I have updated my three volumes of my eBook, Obsession, to reflect changes in our collection and advances in my knowledge. The book is available for free download on my Books menu on this site.
As 2021 fades with a whimper, I look back on the extraordinary figures that have crossed my path. The variety that emanated from Staffordshire kilns is seemingly endless. I confine my collection to enamel-painted figures. If not, I would have had to bid on this remarkable underglaze-decorated figure of Roger Giles.
Roger Giles was a Devonshire schoolteacher and jack-of-all-trades. His claim to fame rests is that he advertised for sale fresh eggs “new laid by him every day”. Staffordshire figure potters fashioned crudely comical figures of a squatting gentleman that are said to represent Giles laying those eggs. They were made well into the Victorian era, and nasty fake-similes persist today, but a pre-1840 Roger Giles can prove elusive. Add to that, some can be a tad too vulgar for my taste.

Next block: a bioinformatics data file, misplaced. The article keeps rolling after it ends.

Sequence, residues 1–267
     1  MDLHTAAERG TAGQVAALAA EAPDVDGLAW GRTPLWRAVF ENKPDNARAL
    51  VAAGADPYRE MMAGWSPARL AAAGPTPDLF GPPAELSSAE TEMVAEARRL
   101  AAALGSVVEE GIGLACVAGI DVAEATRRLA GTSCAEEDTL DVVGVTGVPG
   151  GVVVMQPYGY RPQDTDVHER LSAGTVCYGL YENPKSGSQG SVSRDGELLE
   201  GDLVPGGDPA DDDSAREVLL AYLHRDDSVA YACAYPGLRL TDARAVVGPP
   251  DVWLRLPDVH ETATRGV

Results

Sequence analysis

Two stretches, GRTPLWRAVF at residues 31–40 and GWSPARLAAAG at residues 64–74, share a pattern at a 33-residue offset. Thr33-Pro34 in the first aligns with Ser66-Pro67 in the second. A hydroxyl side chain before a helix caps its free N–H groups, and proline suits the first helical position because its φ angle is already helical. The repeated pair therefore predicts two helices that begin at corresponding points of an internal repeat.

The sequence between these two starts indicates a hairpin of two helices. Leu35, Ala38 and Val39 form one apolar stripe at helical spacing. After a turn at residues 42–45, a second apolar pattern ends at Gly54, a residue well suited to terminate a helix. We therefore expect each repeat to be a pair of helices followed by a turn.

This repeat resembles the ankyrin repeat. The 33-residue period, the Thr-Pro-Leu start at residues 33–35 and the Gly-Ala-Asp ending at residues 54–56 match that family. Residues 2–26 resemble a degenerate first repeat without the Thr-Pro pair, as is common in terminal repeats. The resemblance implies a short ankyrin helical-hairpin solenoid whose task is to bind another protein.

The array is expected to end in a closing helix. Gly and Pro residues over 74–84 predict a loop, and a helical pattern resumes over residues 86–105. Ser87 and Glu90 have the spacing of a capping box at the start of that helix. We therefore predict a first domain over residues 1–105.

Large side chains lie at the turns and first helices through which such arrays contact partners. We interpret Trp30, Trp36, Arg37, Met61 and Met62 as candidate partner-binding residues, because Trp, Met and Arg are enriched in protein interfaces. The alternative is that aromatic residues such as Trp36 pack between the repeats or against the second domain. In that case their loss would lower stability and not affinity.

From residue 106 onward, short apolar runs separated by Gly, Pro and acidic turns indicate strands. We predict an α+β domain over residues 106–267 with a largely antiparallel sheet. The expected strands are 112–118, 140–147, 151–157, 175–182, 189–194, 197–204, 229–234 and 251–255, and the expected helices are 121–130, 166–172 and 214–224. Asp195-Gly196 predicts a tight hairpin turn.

Below is my Roger Giles, made by the "Sherratt" pot bank. Like others of his ilk, he has holes in his hat, so perhaps he was intended as a pepper pot or hat pin holder. Like most, he is about 4.5 inches tall--significantly smaller than the gentleman at the top of this post. At a good 8 inches, that Roger Giles is by far the biggest I have seen, and the top of his head is removable (is he a jar?). He oozes personality, and I am pleased he has found a home in a remarkably interesting and fine collection.